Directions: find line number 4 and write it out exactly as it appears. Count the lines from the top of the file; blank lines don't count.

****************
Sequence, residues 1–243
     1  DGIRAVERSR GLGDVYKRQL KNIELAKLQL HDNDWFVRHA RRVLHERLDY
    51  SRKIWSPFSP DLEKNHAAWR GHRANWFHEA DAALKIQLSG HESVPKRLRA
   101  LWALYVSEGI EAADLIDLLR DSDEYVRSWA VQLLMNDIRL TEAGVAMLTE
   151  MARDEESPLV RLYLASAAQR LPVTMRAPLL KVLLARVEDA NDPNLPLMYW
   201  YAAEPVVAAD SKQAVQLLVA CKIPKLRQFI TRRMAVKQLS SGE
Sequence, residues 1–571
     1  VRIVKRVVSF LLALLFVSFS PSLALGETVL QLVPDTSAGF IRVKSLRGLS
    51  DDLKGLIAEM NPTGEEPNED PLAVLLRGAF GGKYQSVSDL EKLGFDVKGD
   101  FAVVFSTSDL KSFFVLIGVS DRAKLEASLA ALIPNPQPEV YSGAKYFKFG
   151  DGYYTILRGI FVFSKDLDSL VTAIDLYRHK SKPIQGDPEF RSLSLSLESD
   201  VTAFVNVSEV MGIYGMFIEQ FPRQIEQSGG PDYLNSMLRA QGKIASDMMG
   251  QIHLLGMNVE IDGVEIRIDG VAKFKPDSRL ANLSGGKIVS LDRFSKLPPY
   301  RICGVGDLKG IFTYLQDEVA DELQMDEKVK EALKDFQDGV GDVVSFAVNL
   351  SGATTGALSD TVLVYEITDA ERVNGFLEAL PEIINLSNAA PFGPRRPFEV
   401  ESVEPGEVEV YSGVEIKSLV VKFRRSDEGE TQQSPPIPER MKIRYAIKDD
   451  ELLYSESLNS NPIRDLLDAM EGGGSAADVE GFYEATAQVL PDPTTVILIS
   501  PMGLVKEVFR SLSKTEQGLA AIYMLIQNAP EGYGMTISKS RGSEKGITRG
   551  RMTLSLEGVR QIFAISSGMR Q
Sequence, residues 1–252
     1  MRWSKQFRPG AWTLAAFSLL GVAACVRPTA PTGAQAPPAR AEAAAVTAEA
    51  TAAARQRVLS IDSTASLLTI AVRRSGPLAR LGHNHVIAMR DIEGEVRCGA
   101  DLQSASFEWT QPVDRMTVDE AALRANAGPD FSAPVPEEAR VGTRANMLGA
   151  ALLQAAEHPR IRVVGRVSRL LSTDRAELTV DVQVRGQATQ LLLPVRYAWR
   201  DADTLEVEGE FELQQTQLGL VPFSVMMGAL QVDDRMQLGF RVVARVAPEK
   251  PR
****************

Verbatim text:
   101  LWALYVSEGI EAADLIDLLR DSDEYVRSWA VQLLMNDIRL TEAGVAMLTE